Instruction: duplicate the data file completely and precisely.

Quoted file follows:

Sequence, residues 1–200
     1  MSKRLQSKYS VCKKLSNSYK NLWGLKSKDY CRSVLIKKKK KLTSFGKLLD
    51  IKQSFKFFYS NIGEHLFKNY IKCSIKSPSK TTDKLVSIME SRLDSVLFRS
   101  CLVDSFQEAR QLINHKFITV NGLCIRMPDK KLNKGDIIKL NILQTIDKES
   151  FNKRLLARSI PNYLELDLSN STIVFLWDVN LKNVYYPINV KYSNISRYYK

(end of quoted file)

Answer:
Sequence, residues 1–200
     1  MSKRLQSKYS VCKKLSNSYK NLWGLKSKDY CRSVLIKKKK KLTSFGKLLD
    51  IKQSFKFFYS NIGEHLFKNY IKCSIKSPSK TTDKLVSIME SRLDSVLFRS
   101  CLVDSFQEAR QLINHKFITV NGLCIRMPDK KLNKGDIIKL NILQTIDKES
   151  FNKRLLARSI PNYLELDLSN STIVFLWDVN LKNVYYPINV KYSNISRYYK